Immigration waivers are required when someone is determined to be "inadmissible" under US law. Whether someone is inadmissible depends on whether they fall under one of the many criteria listed in the Immigration and Nationality Act, Section 212. Determining who is inadmissible and why is a complicated process because there are many grounds, they are all subject to legal interpretation, and they sometimes overlap. One person may have multiple grounds of inadmissibility.
Being considered inadmissible means that a person is not eligible to receive immigrant or non-immigrant status, or to receive visas. The law applying to immigrants and non-immigrants is different. Many people learn that they have this kind of problem following an interview or during a consultation with an attorney. For example, inadmissibility is common where someone entered the US unlawfully or overstayed their status, reentered unlawfully, or committed a crime, among many other factors. An experienced attorney can review these factors quickly.
In many cases, waivers are available. For example, people often need to apply for a waiver if the government is claiming a person lied at some point, or was unlawfully present in the US and then left the country. The different inadmissibility grounds usually have different waivers, making the process much more complicated. The legal standards for approval of a waiver usually involve hardship to US or resident family members, but not all family member relationships are considered.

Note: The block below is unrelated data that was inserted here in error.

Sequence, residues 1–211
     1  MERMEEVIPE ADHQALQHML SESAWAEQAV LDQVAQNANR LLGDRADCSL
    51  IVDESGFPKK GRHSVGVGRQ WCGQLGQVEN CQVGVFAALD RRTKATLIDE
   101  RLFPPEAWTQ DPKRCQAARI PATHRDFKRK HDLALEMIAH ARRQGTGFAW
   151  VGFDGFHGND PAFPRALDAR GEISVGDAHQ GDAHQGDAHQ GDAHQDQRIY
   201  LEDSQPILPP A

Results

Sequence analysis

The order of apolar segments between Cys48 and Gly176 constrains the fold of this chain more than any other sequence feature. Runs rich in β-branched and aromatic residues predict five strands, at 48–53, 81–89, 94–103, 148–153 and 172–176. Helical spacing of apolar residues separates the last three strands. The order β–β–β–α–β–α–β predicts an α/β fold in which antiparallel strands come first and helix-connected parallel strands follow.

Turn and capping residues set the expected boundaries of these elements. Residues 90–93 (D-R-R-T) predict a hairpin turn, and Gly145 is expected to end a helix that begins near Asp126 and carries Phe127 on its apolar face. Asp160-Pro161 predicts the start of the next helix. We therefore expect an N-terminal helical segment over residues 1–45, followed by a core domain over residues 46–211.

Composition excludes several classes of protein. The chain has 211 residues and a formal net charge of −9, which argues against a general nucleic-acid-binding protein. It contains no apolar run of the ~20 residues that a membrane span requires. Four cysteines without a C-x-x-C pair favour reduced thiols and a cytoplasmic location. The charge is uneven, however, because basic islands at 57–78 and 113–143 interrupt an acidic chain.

Waiver applications are usually filed at the time of adjustment of status, following an interview or request for a waiver, prior to leaving the US for an interview abroad, or after being determined to be inadmissible at an interview abroad. They are also available in removal proceedings. Schedule a consultation with an experienced attorney to figure out the best options in a particular case.